Call blocking and whitelisting linksFollow
What are carriers doing to block calls if they appear unwanted or fraudulent?
In an effort to protect consumers against abusive robocalls, carriers are increasingly implementing call blocking programs.
In recent weeks, Bandwidth has observed AT&T, Verizon and T-Mobile increasingly blocking calls that they feel fit typical robocalling campaign characteristics, such as high-volume, short-duration calls originating from a single number. When implemented, a common effect of these call blocks will be a very high volume of SIP 486 (Busy Here) response codes being delivered.
What if I have legitimate outbound calling use cases?
There are many, many legitimate use cases for high-volume, short-duration calls, including school closing notifications, weather alerts, and patient reminders. These are entirely valid and legitimate use cases where recipients want to receive these calls and have opted-in to do so. However, when viewed en-masse at the network level, they can look like illegal robocalling.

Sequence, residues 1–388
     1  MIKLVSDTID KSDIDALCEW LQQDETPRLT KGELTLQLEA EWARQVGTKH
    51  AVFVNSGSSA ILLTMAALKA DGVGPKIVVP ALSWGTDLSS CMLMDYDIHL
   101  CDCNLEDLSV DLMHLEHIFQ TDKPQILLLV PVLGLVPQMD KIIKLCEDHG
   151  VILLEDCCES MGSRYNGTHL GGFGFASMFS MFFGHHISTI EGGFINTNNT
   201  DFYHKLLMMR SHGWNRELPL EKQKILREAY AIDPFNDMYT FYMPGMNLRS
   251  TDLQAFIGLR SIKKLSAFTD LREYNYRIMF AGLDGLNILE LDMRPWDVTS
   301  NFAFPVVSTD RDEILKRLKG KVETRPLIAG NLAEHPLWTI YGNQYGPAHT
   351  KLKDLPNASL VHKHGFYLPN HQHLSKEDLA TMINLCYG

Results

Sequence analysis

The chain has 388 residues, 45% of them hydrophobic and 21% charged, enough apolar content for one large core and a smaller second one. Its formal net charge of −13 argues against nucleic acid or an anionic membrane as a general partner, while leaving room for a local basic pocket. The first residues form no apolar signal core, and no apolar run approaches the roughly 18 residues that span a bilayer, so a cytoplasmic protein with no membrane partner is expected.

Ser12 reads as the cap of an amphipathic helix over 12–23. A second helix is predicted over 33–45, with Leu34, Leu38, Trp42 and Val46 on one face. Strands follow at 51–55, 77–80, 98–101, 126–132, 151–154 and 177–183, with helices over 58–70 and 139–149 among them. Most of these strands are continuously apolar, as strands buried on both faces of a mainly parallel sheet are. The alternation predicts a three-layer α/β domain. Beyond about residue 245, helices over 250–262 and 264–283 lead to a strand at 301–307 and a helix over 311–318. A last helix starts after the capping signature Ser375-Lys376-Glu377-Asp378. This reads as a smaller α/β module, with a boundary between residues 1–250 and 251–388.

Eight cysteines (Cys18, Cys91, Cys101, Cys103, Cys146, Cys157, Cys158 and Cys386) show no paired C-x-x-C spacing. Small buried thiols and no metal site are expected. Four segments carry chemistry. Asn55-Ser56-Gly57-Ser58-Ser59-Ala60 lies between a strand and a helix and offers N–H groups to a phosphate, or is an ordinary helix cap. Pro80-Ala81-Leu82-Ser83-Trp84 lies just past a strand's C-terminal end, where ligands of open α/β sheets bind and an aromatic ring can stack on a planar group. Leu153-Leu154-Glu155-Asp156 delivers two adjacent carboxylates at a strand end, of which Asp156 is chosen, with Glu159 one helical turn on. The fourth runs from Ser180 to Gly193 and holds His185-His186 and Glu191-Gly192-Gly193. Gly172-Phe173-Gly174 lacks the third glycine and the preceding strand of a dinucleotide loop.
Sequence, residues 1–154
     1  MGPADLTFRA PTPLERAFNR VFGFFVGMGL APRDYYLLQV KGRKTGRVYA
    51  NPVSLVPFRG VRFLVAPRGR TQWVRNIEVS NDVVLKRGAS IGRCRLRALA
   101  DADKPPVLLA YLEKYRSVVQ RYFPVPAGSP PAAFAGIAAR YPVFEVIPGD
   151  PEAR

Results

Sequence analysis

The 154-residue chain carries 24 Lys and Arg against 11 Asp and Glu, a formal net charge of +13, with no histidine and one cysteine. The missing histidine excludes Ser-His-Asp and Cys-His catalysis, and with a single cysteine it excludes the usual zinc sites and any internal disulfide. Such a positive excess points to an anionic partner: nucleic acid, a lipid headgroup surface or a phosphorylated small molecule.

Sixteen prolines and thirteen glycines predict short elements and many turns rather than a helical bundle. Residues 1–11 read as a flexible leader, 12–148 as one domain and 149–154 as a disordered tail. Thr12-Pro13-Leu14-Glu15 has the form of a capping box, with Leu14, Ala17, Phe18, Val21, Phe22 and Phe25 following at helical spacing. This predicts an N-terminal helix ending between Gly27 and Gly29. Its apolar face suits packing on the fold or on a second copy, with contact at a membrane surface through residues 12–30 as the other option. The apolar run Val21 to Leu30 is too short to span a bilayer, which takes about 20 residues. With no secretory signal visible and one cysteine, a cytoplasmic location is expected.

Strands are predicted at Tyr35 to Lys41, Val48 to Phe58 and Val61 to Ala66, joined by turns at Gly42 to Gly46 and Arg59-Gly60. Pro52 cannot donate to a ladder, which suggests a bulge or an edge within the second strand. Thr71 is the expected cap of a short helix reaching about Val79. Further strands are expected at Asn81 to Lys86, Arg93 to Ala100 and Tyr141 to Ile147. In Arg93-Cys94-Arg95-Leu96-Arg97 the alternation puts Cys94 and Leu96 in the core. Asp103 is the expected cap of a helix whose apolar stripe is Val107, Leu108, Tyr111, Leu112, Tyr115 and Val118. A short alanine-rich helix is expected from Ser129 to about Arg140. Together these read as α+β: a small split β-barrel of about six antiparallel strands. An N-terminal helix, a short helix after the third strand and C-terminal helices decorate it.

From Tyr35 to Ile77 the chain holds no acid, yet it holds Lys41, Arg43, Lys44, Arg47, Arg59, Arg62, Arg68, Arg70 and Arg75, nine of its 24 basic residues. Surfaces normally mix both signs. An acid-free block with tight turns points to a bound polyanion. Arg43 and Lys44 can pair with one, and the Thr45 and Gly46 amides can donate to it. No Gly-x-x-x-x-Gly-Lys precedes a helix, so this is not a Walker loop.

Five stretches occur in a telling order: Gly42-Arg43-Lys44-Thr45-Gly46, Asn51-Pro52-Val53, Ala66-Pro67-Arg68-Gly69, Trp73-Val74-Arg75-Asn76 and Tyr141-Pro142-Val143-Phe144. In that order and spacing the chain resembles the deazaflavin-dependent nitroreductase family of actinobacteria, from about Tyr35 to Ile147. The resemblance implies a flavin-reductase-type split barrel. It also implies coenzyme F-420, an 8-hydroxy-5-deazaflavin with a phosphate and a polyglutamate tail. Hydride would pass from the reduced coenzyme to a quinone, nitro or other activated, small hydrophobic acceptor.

In order to ensure your outbound calls aren't miscategorized as unwanted or fraudulent calls by the wireless carriers, we highly encourage you to proactively request whitelisting of legitimate outbound calling use cases from each of the major wireless carriers.
Here are the websites where you can submit whitelisting requests:
What is Bandwidth doing to fight robocalling?
Bandwidth is working hard to prevent fraud and abuse, while simultaneously enabling a fair competitive landscape for the delivery of valid traffic. Bandwidth is actively engaged with the Federal Communications Commission (FCC), as well as with several STIR/SHAKEN working groups, to help shape and establish an industry solution for validating phone numbers and caller authenticity in an effort to reduce instances of robocalls and spoofing. We're working alongside other major service providers to develop and implement solutions that'll best suit our customers’ needs and their wide variety of use cases.
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